The Writing Process: 5 Main Steps

The globalizing society of information that we live in today introduces changes to all spheres of our lives. This, of course, includes the requirements that employers set to their workers worldwide.

For example, now that all the documentation is in digital format, the volume of the necessary protocol documentation has actually increased. Therefore, professionals in all spheres and fields of expertise need to be familiar with how to work with this documentation. It often involves actual writing, so writing skills become increasingly in demand for professions where these skills were previously irrelevant.

We have all been to school, and we have all been taught how to write. However, those of us who were planning to pursue non-writing-related careers were reluctant to pay enough attention to developing these skills. Today, these people are willing to catch up and close this gap.

Fortunately for them, while writing is a complex process requiring a set of peculiar skills, modern scholars easily break it down into simpler elements that can be trained with relative ease. Of course, it does not mean that you can learn how to write properly in no time, but the statistic research is encouraging – pretty much everybody who sets the goal to learn how to write properly, succeeds.

As we have mentioned, writing consists of several processes that can be pointed out and explained one by one, so that the process is devoid of any magic or mystery. After some time of hard work and refining your skills you will be able to just sit down and produce a written piece worthy of attention pretty much at any time, with pleasure and with minimized errors, writer’s blocks, etc.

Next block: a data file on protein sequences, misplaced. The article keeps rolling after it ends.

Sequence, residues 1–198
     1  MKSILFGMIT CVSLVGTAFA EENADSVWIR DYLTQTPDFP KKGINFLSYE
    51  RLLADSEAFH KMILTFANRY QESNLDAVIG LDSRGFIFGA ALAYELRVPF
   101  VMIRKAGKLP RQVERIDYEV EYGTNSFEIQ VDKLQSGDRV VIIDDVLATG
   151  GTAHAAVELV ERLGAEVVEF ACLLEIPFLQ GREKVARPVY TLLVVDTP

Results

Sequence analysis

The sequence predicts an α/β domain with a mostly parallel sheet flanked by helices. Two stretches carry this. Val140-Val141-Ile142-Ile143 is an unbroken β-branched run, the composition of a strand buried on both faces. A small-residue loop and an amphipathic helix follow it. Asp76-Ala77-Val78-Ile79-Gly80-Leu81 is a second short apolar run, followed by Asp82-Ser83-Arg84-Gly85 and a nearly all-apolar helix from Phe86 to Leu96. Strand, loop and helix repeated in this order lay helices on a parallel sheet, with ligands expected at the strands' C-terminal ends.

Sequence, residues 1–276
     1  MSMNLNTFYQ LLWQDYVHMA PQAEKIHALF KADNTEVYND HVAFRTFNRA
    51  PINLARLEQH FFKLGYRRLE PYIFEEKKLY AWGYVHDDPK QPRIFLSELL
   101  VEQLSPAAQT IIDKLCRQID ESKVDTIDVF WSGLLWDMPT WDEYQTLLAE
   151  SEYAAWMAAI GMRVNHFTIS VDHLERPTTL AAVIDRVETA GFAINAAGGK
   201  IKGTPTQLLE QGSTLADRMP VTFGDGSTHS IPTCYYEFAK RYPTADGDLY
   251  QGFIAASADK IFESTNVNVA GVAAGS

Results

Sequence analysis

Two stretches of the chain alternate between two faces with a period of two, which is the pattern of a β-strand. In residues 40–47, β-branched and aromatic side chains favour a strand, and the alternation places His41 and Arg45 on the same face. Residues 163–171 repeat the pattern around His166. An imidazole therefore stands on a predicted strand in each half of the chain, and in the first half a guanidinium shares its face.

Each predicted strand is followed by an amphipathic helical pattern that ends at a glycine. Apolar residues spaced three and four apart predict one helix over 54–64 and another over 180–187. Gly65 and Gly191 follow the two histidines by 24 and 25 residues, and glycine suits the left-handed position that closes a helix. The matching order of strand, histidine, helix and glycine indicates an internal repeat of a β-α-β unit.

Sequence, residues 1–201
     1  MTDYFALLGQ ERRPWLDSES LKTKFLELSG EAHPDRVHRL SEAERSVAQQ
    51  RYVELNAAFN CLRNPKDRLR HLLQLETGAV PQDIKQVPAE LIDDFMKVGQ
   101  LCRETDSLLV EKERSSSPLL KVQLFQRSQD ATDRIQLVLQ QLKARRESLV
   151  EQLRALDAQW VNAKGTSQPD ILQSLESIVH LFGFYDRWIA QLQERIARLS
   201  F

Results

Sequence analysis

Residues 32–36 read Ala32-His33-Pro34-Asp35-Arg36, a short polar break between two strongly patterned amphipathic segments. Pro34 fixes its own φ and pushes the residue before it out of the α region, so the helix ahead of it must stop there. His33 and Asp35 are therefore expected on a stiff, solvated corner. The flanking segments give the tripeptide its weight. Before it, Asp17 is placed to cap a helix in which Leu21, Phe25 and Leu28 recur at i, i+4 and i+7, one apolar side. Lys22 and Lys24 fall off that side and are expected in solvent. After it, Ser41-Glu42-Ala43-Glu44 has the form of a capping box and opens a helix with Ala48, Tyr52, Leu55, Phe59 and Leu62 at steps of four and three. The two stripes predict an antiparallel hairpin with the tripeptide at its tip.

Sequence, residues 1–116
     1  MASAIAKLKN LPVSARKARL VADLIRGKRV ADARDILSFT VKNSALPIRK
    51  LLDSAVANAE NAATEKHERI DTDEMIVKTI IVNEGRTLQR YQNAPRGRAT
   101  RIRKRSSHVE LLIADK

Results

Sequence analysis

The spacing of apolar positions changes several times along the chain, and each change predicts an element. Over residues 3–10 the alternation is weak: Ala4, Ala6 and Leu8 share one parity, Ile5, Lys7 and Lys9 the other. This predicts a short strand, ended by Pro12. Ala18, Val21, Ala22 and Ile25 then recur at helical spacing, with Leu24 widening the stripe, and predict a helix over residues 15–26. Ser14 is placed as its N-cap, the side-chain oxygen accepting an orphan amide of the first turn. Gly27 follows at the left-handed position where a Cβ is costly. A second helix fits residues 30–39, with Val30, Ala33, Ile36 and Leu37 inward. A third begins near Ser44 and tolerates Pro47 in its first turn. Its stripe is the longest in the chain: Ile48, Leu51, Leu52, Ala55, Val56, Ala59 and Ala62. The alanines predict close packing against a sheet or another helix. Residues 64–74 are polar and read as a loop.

1. Preparation. First, you plan your writing: you gather ideas through brainstorm and research. Then, you organize and outline all these ideas. You can use diagrams or other methods of mapping for that. At this earliest stage, you already need to keep your readership and the purpose or your work in mind at all times. You also begin to shape your paper’s thesis statement as early as that.
  2. Putting together a draft. You use your outline to put all the ideas that you have gathered in a logical and organized manner. They should be put in such order to fulfill the purpose of presenting your main point to your readership.
  3. Revision. This is where you give your draft another in-depth read to refine it to have it perfectly organized, to make your narration clear, logical, and smooth. You may re-organize the bits of information, you may add or leave out some pieces, etc. You also refine the style and tone of your writing to better suit your purpose and to be more effective with your target readership.